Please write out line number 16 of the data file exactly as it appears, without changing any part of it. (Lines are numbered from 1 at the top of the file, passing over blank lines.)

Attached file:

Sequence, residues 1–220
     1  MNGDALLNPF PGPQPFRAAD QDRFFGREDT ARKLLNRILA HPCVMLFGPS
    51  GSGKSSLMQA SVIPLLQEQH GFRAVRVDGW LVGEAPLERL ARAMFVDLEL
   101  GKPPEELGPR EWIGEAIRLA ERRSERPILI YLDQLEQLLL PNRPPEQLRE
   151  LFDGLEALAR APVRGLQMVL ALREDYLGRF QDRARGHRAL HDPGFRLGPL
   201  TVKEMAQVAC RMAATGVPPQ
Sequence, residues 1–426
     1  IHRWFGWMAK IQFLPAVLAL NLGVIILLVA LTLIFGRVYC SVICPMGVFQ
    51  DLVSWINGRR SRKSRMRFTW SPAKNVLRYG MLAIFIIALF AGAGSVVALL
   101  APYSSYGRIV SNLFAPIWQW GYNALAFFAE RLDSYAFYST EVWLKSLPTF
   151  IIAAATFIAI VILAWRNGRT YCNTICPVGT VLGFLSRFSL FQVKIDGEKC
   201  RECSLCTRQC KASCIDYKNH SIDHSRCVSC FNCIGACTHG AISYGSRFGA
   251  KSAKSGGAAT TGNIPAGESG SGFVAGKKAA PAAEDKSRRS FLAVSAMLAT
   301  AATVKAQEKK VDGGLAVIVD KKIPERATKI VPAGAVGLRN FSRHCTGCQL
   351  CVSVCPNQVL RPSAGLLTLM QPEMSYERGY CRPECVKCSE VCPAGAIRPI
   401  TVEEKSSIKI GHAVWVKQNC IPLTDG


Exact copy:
   401  TVEEKSSIKI GHAVWVKQNC IPLTDG